Review: The Counselor (Chris Bumbray's take)

The Counselor (Chris Bumbray's take)
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Read JimmyO's review here

PLOT: A lawyer (Michael Fassbender) living way beyond his means, gets involved in a drug-deal organized by a shady businessman (Javier Bardem) with a crazed mistress (Cameron Diaz). When the deal goes sour, the lawyer goes on the run in a desperate attempt to square things with the cartel.

REVIEW: One thing about THE COUNSELOR that’s an absolute given- there will not be another movie this year that will be as divisive among critics, or as loathed by general audiences. If co-star Brad Pitt’s own KILLING THEM SOFTLY- which easily packs ten times the entertainment value as this- got the dreaded F-cinemascore, THE COUNSELOR can surely expect the same fate. It rolls towards its inevitable rejection by mainstream audiences in the same manner the protagonists of the film do. They can’t escape what’s coming, and seemingly, neither can the studio and stars behind this.

But, like most films that are wildly rejected by audiences, there’s still a lot to admire about THE COUNSELOR. Based on a script by Cormac McCarthy (author of NO COUNTRY FOR OLD MEN, THE ROAD, BLOOD MERIDIAN and others), director Ridley Scott’s movie is slavishly devoted to McCarthy’s minimalist, un-movie like prose. The first conversation alone, between Fassbender and on-screen love interest Penelope Cruz clues you in to the fact that THE COUNSELOR isn’t going to be anything close to the prototypical girls, guns, and drugs thriller it’s being sold as.

If you’re familiar with McCarthy’s work, you’ll likely be more tolerant of THE COUNSELOR than others. Indeed, there are moments of absolute genius in his dialogue. Scott, who’s often been categorized as a flashy director (this style is part of his appeal) is shockingly reserved in his staging here, possibly to the film’s detriment (one wonders if it would have been more successful if it had been directed by his late brother Tony).

Brad Pit- who’s prominently billed in the credits but only has about fifteen minutes of screen time- shows up now and again as the scheme’s middleman, Westray, a laconic cowboy who more than anyone else, speaks in a indelibly McCarthy-esque way. Pitt, who’s seemingly often drawn to difficult, dark material, delivers a remarkable performance. His first meeting with Fassbender, long before the deal has gone sour, is the highpoint of the film. While he probably has more blood on his hands than most, oddly it’s Pitt who feels the most human, and also the most resigned to the inevitable fate that awaits anyone who tries to get rich by tangling with the drug cartels. When he’s on-screen, THE COUNSELOR comes awfully close to being great.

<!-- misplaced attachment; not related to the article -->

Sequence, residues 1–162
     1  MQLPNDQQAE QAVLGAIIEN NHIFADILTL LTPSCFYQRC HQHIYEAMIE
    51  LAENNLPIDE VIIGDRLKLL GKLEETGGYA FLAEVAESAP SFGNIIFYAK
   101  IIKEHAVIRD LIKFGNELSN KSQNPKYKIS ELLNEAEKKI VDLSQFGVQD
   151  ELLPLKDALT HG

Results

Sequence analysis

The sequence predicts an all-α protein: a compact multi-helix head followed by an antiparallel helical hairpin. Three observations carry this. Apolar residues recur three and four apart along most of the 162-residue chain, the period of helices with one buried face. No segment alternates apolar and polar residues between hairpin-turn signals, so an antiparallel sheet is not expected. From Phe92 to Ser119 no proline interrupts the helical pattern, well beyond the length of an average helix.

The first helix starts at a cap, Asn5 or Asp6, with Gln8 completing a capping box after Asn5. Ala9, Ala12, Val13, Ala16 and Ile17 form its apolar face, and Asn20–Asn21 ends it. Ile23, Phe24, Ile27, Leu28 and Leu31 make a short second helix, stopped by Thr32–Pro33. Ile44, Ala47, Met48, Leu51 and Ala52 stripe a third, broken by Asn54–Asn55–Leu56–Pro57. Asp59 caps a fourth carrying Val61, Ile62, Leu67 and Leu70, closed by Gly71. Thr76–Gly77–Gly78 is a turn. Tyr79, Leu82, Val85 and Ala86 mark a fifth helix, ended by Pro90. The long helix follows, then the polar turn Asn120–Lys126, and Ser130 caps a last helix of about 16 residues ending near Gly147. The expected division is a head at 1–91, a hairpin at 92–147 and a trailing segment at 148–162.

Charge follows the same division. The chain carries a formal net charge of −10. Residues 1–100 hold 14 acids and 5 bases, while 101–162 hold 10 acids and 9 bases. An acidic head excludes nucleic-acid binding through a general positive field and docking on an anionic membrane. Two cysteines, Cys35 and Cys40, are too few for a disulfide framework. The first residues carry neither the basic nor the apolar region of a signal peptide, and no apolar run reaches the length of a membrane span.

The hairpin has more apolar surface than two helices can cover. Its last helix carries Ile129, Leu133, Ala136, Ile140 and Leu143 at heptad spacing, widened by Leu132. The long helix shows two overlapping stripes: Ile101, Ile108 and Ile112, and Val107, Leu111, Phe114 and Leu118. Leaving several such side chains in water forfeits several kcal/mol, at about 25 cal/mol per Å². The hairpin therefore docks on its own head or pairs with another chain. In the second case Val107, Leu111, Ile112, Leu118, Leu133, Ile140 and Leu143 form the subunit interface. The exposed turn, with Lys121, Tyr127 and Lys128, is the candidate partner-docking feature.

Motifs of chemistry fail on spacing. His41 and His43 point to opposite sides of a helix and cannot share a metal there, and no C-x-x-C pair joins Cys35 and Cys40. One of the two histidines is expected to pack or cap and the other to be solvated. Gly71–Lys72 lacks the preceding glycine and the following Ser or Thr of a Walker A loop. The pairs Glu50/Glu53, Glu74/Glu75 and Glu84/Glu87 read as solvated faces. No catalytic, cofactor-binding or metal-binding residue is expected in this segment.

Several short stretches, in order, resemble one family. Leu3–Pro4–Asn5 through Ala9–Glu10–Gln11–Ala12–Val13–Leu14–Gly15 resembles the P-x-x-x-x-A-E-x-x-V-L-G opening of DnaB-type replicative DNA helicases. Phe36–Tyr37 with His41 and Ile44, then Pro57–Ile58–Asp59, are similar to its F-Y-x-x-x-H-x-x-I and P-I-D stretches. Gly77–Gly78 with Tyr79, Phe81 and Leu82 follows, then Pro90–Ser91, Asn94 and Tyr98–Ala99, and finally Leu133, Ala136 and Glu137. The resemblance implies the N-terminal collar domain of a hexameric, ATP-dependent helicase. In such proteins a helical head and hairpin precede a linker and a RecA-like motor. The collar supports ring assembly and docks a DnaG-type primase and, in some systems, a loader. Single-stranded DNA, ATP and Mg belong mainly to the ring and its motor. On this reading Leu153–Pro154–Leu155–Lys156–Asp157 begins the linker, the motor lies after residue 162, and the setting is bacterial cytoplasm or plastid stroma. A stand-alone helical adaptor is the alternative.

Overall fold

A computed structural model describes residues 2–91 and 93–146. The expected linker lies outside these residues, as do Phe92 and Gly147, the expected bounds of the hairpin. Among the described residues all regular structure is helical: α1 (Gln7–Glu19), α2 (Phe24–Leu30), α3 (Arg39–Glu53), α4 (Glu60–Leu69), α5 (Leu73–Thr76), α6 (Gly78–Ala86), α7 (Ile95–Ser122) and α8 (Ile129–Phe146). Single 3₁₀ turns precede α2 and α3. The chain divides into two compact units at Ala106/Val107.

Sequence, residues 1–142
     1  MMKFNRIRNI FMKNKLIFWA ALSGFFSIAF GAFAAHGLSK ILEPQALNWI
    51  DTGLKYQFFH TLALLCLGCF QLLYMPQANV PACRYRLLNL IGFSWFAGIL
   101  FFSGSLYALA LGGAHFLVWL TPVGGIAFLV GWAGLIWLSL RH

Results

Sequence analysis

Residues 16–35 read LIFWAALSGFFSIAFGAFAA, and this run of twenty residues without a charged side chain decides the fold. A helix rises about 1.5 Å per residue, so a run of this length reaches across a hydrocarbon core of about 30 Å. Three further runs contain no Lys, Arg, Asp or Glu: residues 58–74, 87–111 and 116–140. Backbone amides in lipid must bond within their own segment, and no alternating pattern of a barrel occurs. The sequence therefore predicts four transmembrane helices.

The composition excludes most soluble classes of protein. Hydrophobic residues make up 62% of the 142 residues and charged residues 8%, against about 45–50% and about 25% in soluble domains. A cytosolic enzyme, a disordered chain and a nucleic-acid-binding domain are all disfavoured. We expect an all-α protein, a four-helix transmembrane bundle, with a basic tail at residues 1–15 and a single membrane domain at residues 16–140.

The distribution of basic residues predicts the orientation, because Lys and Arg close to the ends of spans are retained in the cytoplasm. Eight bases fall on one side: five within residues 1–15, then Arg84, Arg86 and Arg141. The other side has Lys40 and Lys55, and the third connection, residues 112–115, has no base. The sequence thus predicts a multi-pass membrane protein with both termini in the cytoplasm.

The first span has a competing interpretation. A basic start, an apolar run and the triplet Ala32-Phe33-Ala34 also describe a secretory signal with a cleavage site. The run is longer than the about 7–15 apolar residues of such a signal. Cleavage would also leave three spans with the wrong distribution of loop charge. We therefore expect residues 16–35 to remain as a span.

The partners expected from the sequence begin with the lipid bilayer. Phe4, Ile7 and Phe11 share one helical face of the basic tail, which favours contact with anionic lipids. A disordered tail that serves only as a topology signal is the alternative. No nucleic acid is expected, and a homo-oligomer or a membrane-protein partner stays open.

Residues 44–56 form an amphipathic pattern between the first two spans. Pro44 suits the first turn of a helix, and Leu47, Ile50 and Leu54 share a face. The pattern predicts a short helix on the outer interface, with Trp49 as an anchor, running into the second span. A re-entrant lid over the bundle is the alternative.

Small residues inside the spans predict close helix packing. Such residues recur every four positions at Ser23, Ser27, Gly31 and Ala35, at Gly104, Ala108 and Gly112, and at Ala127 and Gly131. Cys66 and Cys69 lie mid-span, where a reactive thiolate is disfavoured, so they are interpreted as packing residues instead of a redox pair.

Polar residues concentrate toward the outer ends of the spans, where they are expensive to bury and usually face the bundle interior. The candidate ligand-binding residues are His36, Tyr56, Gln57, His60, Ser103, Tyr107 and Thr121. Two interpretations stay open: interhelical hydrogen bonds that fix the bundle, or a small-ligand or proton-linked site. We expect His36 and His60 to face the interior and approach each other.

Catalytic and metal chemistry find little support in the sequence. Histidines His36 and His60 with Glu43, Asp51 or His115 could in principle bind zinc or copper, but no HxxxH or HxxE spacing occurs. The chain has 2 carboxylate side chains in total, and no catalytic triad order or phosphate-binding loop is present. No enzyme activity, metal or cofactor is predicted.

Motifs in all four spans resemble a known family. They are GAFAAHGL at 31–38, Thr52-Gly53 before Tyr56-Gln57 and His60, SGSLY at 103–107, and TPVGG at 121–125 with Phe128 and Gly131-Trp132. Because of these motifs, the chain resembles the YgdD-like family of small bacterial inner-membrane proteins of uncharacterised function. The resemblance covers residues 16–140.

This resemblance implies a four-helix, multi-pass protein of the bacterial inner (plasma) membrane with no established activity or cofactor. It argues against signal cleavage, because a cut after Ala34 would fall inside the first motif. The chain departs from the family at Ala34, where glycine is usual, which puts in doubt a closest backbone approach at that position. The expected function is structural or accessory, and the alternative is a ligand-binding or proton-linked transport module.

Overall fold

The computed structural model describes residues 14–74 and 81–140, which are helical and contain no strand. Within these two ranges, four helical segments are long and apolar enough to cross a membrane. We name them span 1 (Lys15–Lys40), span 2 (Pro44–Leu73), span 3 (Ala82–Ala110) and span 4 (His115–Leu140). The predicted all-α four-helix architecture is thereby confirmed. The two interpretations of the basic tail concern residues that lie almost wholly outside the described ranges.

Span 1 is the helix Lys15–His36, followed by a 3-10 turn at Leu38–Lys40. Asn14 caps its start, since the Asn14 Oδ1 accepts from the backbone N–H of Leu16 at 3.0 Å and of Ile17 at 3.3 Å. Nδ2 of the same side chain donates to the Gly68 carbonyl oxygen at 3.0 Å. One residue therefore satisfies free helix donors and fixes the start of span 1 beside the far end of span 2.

However, if Pitt’s only in fifteen minutes of a two-hour movie, where does that leave the rest of the film? It’s here that THE COUNSELOR ultimately dooms itself. Any film that has such stylized dialogue needs spot-on casting. With Pitt, Javier Bardem, Penelope Cruz (mostly wasted here, but still good) and some of the smaller parts, such as the ones played by Rosie Perez, Edgar Ramirez, John Leguizamo, and especially Bruno Ganz as a diamond merchant, and Ruben Blades as a drug lord, THE COUNSELOR succeeds. Others fall flat.

Many will point to Fassbender as the trouble, but Fassbender is fine. He’s just not playing a prototypical protagonist, in that at his best he’s morally compromised, and impossible to relate to. Right from the start, it’s clear that his ego has led him to believe he’s smarter than he actually is, although clearly he’s a fool. I doubt anyone could have made his character (listed in the credits only as Counselor) palatable to an audience looking for someone to relate too. That said, the film’s biggest problem is without a doubt Cameron Diaz, as Bardem’s femme-fatale lover, Martika. Diaz is not known for her meaty, dramatic parts, and she’s terribly miscast here, in a role that feels like it could have only played by Angelina Jolie. Lumped with an accent that comes and goes, Diaz is nothing short of atrocious, and completely out of her depth. She tries hard, but she’s not convincing as a bad girl. A soon-to-be camp classic scene where she humps a car would have been hard to pull off under the best of circumstances. With Diaz, it’s unfathomably bad. Luckily, Javier Bardem, in perhaps the only role that has some semblance of levity, is almost able to save the scene, and keep the film from going down the drain at the hands of this one ill-conceived set piece.

It’s strange how from scene-to-scene THE COUNSELOR could go back and forth from being absolutely brilliant, and stunningly awful, but somehow that’s exactly what this does. The last half of the movie, where each of the characters has to deal with the fallout of the drug-deal, is more compelling than the first half and features bursts of typically creative Cormac McCarthy-style violence. In the end, it should be commended for being so uncompromising, but again, that will be the very thing that puts people off. Still, THE COUNSELOR is probably the only film in recent memory that manages to simultaneously be one of the best AND worst movies of the season. Suffice to say, when it’s good, it’s great. When it’s bad, it’s terrible. But one thing it’s not is mediocre or boring, which is saying something.

Extra Tidbit: The Counselor has more decapitations than a heavy episode of Game of Thrones.
Source: JoBlo.com



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